Here are a few terms related to the income statement that you’ll want to know:

Income statement:
The financial statement that presents a summary of the company’s financial activity over a certain period of time, such as a month, quarter, or year. The statement starts with Revenue earned, subtracts the Costs of Goods Sold and the Expenses, and ends with the bottom line — Net Profit or Loss.

All money collected in the process of selling the company’s goods and services. Some companies also collect revenue through other means, such as selling assets the business no longer needs or earning interest by offering short-term loans to employees or other businesses.

Costs of goods sold:
All money spent to purchase or make the products or services a company plans to sell to its customers.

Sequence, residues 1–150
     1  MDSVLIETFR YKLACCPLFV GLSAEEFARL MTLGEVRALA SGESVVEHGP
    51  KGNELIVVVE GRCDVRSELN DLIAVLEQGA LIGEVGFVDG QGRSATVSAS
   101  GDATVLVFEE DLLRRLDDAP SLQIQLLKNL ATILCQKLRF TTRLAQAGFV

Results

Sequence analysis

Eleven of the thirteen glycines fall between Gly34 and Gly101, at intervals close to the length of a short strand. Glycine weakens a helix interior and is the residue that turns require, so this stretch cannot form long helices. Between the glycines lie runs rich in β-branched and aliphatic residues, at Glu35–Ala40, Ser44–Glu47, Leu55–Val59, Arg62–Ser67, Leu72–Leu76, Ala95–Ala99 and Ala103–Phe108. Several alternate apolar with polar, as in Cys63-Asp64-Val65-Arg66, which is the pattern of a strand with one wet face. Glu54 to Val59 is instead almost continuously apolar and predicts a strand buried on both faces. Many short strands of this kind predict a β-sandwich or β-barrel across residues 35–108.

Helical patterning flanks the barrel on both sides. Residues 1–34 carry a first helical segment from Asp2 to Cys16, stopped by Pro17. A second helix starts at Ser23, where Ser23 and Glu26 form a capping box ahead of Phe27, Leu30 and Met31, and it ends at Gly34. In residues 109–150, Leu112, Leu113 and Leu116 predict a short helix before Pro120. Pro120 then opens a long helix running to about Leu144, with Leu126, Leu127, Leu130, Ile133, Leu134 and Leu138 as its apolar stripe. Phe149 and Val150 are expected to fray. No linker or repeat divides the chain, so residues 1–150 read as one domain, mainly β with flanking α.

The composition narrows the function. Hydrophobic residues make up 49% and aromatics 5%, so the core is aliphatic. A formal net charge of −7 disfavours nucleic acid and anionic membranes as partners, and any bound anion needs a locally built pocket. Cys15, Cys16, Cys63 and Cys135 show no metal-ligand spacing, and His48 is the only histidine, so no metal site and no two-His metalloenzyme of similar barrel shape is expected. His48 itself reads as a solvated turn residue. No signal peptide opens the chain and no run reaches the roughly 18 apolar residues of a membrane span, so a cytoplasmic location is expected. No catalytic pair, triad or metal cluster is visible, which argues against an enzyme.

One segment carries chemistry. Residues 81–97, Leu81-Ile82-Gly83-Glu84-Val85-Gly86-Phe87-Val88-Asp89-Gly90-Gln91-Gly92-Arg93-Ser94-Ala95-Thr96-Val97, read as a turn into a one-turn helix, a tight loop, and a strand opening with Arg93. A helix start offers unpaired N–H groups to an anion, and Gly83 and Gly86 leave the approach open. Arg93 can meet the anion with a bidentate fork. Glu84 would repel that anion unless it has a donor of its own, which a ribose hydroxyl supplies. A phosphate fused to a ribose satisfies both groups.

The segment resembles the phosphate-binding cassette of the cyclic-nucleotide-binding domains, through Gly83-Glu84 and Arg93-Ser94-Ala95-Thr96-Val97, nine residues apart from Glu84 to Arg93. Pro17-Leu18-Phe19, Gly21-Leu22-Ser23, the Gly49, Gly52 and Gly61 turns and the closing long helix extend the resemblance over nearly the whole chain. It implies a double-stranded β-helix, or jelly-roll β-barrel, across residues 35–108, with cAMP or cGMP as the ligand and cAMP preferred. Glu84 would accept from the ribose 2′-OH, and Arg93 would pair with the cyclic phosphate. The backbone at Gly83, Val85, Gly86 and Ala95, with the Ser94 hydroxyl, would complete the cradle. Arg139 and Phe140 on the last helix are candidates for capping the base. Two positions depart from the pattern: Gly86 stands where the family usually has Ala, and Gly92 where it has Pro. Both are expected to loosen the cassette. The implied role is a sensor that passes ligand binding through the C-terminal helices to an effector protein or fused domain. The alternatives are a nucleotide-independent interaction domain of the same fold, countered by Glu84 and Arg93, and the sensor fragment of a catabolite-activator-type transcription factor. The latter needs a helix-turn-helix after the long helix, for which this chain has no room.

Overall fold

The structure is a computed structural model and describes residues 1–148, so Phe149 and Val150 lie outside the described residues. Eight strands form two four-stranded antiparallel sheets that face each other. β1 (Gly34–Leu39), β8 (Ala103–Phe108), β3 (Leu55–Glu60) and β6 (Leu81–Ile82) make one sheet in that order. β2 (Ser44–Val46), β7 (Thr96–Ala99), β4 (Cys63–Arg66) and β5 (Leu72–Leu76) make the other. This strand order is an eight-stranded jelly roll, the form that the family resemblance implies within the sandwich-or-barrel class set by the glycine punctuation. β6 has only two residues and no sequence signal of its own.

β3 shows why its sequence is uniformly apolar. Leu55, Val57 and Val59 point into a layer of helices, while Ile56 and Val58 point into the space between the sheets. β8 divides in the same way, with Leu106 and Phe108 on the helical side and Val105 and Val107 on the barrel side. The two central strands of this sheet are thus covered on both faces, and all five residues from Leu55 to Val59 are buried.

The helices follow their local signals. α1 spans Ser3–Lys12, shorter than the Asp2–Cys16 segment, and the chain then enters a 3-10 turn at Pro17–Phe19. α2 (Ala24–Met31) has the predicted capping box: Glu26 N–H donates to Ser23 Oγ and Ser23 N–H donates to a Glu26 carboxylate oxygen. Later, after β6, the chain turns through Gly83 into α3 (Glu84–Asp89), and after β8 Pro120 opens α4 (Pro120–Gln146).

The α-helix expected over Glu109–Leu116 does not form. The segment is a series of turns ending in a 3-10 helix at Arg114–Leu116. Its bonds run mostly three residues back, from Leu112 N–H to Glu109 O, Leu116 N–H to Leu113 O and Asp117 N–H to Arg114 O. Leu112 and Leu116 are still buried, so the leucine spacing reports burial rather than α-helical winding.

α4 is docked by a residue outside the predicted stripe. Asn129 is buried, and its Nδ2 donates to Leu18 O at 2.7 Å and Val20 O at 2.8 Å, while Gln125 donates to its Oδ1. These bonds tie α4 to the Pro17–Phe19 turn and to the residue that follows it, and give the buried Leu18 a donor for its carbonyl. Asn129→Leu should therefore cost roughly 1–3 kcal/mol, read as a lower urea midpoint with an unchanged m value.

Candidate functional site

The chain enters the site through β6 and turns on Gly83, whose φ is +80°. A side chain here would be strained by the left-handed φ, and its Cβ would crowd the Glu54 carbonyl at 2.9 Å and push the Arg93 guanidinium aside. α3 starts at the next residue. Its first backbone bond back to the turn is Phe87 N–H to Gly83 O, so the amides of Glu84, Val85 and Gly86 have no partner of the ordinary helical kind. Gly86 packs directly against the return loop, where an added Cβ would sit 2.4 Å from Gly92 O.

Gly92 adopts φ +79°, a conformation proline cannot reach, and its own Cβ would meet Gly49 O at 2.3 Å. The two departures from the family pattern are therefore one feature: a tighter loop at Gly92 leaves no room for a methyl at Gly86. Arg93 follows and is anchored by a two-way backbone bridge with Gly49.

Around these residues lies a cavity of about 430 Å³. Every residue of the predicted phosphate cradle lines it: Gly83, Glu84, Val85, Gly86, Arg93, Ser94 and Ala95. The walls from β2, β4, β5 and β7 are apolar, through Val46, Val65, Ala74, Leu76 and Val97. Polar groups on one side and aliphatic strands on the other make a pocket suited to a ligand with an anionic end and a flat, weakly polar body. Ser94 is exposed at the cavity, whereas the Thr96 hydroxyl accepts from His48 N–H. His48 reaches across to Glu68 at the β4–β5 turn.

All money spent to operate the company that’s not directly related to the sale of individual goods or services.

Some other common terms used in bookkeeping include the following:

Accounting period:
The time period for which financial information is being tracked. Most businesses track their financial results on a monthly basis, so each accounting period equals one month. Some businesses choose to do financial reports on a quarterly or annual basis. Businesses that track their financial activities monthly usually also create quarterly and annual reports.

Accounts payable:
The account used to track all outstanding bills from vendors, contractors, consultants, and any other companies or individuals from whom the company buys goods or services.

Accounts receivable: